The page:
Could it have been when I supported other advocacy associations to share their positive message through online channels?

Could it have been when my friends from all nations challenged my views and thoughts in respectful discussions?

Could it have been when I was touched by a personal story of suffering and success when a person overcame their difficulties and achieved a personal goal?

Could it have been when I received a smile, a gentle hug or a reassuring grasp of my hand when I was upset or distressed from people of different ages or backgrounds who had no ‘requirement’ to assist?

Could it have been when various friends listened to me as I tried to resolve my problems through talking to them?

Could it have been when I had to report a matter to the police and was constantly asked the same question multiple times to be ultimately told that my story concurred with what they had seen on video camera footage?

Could it have been when I was travelling home from the city relatively late one night in a taxi and the driver told me he had taken drugs and was clearly intoxicated and I felt that my personal safety was under threat?

Could it have been when my teenage daughter told me about the assault her girlfriends faced in the city one New Year’s Eve?

Could it have been when two police officers came to my home after a break in and reassured me by saying that most burglaries occur during the day when the resident is not at home?

Could it have been when my multicultural friends and clients told me about the discrimination they had faced when looking for work?

I guess I don’t have a specific answer as to why I look at every person as a unique individual.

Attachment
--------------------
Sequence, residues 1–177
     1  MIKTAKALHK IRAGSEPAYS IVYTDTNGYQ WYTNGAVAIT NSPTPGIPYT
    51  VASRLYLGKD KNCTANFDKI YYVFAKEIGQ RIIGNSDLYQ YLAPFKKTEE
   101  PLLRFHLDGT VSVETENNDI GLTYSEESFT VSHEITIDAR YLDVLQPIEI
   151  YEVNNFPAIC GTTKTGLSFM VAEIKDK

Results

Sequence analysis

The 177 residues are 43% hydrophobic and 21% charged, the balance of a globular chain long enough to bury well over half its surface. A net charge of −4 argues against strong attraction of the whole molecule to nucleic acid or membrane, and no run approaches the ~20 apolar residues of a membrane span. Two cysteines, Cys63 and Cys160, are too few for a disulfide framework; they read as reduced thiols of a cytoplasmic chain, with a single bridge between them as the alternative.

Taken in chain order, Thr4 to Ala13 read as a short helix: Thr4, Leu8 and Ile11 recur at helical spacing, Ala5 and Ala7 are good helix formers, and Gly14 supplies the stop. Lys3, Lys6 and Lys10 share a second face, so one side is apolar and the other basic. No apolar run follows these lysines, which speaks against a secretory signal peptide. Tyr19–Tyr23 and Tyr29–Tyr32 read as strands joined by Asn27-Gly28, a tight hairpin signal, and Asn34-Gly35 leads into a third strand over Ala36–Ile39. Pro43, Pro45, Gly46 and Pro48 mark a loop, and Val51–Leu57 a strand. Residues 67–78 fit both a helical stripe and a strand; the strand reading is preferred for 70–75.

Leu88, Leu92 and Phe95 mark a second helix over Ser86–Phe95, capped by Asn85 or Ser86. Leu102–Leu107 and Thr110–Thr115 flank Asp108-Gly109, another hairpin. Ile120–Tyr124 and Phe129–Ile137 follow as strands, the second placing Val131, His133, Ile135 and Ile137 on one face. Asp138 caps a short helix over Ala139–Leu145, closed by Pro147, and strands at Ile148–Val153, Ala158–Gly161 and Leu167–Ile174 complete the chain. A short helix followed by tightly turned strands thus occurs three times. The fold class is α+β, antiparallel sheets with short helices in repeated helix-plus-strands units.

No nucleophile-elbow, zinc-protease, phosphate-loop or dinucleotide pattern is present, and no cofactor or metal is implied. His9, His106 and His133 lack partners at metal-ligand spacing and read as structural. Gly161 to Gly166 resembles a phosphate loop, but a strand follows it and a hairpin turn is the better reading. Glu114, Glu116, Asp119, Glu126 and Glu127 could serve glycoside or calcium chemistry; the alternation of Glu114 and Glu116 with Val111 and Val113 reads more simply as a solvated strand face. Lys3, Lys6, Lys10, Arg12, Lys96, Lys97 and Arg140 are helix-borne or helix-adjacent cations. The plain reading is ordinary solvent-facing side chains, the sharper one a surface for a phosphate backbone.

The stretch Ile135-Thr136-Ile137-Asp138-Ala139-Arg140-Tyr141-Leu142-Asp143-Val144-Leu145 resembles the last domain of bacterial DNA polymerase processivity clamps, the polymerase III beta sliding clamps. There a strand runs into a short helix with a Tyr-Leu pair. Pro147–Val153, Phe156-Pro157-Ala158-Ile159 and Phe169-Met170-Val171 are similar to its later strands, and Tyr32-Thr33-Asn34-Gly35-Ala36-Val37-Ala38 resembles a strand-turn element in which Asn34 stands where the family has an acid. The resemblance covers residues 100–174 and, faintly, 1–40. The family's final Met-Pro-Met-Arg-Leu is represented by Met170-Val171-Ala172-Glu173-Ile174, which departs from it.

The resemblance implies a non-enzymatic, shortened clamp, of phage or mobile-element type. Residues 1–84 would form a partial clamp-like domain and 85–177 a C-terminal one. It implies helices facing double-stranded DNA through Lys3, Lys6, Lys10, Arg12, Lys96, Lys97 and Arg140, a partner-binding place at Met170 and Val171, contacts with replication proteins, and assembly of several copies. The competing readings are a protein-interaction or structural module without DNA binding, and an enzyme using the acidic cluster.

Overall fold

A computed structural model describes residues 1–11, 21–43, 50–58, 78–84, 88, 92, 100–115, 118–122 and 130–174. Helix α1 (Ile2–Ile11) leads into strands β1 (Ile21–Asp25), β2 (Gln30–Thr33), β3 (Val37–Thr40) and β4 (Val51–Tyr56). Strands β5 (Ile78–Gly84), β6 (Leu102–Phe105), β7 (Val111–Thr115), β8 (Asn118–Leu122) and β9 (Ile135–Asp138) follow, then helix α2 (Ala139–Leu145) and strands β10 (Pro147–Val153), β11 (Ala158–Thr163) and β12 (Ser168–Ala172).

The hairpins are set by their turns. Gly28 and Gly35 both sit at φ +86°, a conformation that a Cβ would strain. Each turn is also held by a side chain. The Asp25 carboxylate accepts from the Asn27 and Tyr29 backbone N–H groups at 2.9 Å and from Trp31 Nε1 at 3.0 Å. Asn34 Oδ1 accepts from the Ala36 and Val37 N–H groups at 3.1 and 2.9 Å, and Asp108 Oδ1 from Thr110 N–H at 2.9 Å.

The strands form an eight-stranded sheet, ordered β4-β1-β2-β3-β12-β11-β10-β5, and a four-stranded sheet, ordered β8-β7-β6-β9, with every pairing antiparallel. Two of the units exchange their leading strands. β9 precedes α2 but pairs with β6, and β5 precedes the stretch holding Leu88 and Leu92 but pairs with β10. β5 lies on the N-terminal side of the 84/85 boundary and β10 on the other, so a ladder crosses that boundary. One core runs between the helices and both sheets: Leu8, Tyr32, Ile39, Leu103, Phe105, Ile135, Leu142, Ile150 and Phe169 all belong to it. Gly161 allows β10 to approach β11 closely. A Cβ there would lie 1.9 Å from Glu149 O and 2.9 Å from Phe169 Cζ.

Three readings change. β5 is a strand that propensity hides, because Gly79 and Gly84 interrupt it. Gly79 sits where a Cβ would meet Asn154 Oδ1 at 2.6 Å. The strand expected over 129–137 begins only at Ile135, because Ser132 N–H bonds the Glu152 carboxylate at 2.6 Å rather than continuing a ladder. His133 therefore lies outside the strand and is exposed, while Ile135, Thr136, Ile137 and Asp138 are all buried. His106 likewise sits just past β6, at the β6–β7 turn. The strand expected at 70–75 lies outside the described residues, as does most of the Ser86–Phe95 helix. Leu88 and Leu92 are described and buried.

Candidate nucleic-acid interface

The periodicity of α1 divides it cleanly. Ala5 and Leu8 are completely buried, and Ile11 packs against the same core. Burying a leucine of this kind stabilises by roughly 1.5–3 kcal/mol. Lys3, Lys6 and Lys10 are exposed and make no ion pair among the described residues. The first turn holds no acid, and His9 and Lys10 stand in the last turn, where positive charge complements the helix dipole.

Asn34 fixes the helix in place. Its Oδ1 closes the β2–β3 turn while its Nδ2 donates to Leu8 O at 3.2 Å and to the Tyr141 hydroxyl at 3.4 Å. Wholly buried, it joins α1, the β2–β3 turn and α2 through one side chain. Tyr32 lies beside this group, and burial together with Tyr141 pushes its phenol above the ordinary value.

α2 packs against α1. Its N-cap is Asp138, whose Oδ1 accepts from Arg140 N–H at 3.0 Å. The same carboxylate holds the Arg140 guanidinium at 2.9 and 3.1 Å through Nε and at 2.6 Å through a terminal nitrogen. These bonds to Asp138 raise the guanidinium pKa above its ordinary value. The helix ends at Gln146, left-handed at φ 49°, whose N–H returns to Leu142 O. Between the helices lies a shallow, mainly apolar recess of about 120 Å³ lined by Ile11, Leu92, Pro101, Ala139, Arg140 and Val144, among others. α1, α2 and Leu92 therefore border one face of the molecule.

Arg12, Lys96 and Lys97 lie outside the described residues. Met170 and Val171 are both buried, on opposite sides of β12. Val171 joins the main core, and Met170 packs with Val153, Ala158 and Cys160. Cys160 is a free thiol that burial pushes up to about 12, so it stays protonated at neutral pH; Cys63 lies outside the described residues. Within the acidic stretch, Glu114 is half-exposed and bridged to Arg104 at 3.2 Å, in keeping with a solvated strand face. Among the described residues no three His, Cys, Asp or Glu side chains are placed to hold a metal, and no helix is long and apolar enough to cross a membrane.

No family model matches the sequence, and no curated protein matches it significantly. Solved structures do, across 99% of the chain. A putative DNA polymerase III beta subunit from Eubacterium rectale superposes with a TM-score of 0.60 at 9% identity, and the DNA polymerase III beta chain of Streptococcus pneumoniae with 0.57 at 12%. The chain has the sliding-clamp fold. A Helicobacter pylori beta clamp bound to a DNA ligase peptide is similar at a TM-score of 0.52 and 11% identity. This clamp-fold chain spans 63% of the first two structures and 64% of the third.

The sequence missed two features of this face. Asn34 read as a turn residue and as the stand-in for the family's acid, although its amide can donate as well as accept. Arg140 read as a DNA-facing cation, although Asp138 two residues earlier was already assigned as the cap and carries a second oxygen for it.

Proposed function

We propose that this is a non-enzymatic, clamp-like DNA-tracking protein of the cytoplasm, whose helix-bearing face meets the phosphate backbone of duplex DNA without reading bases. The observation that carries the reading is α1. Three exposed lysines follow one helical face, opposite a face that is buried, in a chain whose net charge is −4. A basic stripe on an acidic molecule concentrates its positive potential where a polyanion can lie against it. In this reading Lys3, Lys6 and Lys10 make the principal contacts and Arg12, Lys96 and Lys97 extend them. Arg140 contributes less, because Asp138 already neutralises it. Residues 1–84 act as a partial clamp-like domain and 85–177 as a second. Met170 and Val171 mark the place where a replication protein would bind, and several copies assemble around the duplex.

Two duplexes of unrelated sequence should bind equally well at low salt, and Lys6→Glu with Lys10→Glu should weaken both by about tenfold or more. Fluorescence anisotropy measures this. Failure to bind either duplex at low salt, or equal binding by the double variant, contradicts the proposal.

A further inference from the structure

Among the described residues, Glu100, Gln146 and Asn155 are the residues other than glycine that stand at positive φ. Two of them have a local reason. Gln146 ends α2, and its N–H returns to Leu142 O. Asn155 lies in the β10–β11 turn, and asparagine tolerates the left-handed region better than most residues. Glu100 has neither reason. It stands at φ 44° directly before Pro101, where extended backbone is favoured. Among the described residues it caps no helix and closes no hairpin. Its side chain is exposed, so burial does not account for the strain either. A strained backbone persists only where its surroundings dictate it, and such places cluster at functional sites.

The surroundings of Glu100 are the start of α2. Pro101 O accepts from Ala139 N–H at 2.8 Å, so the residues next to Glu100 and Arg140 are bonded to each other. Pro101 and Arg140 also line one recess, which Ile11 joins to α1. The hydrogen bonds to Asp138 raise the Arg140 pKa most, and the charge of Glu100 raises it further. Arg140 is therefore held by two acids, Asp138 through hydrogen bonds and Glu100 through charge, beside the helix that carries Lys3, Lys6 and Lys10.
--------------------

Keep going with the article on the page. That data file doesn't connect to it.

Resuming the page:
I guess I don’t have a specific answer as to why I will always do my best to treat every person I meet with respect and care.

I guess I don’t have a specific answer as to why I bring people together to increase awareness and empathy.

I guess I don’t have a specific answer as to why I am always looking for more ways to understand each person I meet and really listen to what they are saying and respond appropriately.

I guess I don’t have a specific answer as to why I feel compelled to continually write about these issues and do what I can online to share positive perspectives and practical action steps.

But what I can say is that George Floyd’s passing has reminded the world (or at least anyone who has heard or seen his story) that it is not okay to treat people unfairly.

It is not okay to use excessive force or ignore other voices of reason in a situation.

It is not okay for people with black skin, or any other identifying feature, to be considered less than someone else or for intergenerational racism to exist in modern society when so many people have fought for acceptance in the past.

I am a white Anglo Caucasian woman and as you can see above, I too have faced discrimination. In fact, I believe every one of us on this planet has faced some form of discrimination throughout our lives.

Sadly, George Floyd is one of many people who have paid the ultimate price.

My hope is that humanity will finally wake up.

That each and every person who is touched by this story will do what they can to raise another person up, not take them down, regardless of the back story.

That every person will find a way to be more inclusive and supportive of the people that they meet and find ways to talk and share before resorting to any form of discrimination or brutality.

That any protest be peaceful and productive and create lasting change.

That any action, in person or online, will be positive and nourishing.

I will continue to do my bit, even if I keep facing hurdles along the way.

I hope you can find a way to do your bit too.



Sue Ellson

Independent #LinkedIn Specialist, Author 📚, Educator 👩‍🏫, Practitioner 🦜, Poet ✍, Secret Dancer 💃, Melbourne, Australia